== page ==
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Jon Poblador
Mojave
1999



Jon Poblador
McMurdo
2000



Jim Lee
Puddy
2000



Jim Lee
Rub'er Bump'er
2000
Philadelphia Story
by Roberta Fallon


Jim Lee, Jon Poblador, "New Paintings," Feb. 2-Mar. 24, 2001, at Larry Becker Contemporary Art, 43 North 2nd Street, Philadelphia, Pa. 19106.

Jim Lee and Jon Poblador's paintings at Larry Becker Gallery have everything -- and nothing -- in common. Extrovert and introvert, they hang companionably on the walls and complement each other, carrying on a lively conversation about the art and life and the process of painting. Poblador is the calm essayist. Lee is the sparkling wit. It makes for a great pairing.

Poblador, 29, and Lee, 31, who have both been included in group shows at Becker over the past several years, here appear with eight works apiece in what amounts to two side-by-side solo outings. Recent graduates of MFA programs in the Philadelphia region, both demonstrate fully formed, mature visions.

Poblador, who graduated from the University of Pennsylvania in 1997, takes a Zen-like approach in his acrylic on linen paintings, building up large color fields through application of small, delicate and regular strokes of paint, left to right and right to left across the canvas. This unity of "one from many," often involving numerous layers of paint, results in works with vague traces of individual marks that maintain their overall contemplative character from afar.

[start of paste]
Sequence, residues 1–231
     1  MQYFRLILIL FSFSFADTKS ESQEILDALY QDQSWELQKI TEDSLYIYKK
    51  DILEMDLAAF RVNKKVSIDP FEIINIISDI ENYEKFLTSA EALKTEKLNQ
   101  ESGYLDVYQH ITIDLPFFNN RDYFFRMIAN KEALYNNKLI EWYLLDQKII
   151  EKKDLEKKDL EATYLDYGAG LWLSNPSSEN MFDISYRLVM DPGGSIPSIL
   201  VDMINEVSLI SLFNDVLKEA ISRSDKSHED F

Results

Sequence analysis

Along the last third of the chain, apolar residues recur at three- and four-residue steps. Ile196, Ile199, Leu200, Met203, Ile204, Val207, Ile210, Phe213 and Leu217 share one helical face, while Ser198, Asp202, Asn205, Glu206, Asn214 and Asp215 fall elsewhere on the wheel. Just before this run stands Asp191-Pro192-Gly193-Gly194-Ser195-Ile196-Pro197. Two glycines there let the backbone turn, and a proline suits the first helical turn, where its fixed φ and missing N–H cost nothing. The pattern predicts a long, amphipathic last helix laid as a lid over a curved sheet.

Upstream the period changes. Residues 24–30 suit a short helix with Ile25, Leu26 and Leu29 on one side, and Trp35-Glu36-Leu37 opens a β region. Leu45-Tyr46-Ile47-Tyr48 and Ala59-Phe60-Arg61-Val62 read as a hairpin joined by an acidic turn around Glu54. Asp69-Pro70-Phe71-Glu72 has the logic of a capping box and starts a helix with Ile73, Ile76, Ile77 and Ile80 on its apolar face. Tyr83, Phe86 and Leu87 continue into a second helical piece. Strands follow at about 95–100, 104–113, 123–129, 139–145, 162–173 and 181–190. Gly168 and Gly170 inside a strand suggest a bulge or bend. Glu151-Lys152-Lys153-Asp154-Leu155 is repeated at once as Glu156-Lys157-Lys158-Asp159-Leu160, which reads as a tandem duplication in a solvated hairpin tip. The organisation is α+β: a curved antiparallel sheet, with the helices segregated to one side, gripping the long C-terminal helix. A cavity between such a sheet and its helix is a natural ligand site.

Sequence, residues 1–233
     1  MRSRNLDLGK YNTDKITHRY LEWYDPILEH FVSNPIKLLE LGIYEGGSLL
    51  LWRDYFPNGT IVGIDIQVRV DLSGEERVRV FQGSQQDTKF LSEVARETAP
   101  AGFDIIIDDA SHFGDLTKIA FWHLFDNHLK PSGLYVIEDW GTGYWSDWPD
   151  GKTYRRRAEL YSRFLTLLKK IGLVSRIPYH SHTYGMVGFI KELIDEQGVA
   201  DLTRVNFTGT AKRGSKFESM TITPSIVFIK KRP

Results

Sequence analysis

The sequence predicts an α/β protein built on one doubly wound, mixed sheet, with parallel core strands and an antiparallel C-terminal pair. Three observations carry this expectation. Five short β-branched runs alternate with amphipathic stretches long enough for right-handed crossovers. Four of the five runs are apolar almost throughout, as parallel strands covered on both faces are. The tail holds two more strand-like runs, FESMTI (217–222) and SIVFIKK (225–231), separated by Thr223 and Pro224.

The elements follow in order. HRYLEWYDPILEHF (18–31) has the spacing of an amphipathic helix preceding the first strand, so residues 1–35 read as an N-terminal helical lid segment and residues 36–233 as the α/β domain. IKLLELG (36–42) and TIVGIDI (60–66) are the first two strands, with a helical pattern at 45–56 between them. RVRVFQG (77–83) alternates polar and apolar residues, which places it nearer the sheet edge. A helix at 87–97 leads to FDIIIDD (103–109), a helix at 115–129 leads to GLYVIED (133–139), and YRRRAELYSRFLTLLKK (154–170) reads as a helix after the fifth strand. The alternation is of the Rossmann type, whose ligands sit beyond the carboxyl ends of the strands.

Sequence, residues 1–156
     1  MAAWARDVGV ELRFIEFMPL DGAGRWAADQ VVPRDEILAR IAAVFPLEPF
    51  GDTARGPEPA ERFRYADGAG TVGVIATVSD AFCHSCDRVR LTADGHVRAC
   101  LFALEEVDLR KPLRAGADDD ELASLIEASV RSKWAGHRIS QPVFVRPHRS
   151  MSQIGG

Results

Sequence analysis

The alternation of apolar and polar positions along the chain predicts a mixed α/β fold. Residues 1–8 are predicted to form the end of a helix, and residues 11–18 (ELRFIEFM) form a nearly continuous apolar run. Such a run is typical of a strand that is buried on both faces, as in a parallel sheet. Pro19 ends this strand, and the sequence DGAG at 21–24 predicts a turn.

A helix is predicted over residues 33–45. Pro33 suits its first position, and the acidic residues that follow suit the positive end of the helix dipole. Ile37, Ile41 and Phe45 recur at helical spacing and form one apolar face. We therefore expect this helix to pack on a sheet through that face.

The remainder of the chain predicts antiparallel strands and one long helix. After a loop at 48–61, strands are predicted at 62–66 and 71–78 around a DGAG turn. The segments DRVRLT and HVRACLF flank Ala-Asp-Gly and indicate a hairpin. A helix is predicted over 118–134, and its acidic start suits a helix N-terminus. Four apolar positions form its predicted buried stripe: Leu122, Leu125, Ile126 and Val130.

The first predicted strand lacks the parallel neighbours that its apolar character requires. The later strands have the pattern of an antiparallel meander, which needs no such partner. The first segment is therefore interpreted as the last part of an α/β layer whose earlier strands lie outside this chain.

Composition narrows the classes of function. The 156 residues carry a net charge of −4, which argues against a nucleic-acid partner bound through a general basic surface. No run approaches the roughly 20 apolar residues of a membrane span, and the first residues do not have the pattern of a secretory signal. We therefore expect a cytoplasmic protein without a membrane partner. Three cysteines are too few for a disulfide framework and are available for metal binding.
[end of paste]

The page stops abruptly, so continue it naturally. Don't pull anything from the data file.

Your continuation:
Stacking two or three areas of closely related color on top of each other -- sometimes on one canvas, sometimes with groupings of smaller canvases side-by-side -- Poblador achieves a kind of tripartite split -- sky, horizon line and foreground -- that suggests a distilled landscape. His colors, earthy muddy green-browns and cloudy-day blue-white-grays, also suggest landscape.

Titles like Savage Land, Mojave or McMurdo (a military base in Antarctica), evoke places in the real world. But the self-contained and inward-looking works, more phantoms of place than descriptions, suggest mystical, albeit reductivist excursions to climes more fictitious than real.

Lee, who received his MFA from the University of Delaware in 1996, makes small, bright and seductive 3-D paintings with dollhouse-like intimacy and luscious surface coatings -- creamy whites, bright, OSHA yellows or pistachio greens. The wood or honeycomb panel cube-like constructions (no bigger than seven inches on a side) look like mystery mini-shelters and, hung at eye level, they invite a close encounter.

Lee works with a combination of oil and latex, acrylic and latex, or rubber and latex, in many built-up layers. The result is a satiny-smooth, Dairy Queen-dipped, confectionary finish that hits some deep, sensuous, food-related childhood memory. Even the under-sides of these paintings deliver -- offering up fat and "frozen" drips of paint -- colorful stalactite buds for painting's "New Age."

Lee's paintings bubble with a generosity and a joy in their making. Puddy and Tonka, with their silly, punning titles and worldly focus, assert the here and now, the real and the snappy part of life. Like exclamation points to Poblador's steady stream of uninflected prose, they bring the gallery to a giddy level of oxygenation.


ROBERTA FALLON is an artist and writes about art for Philadelphia Weekly and Art on Paper magazine.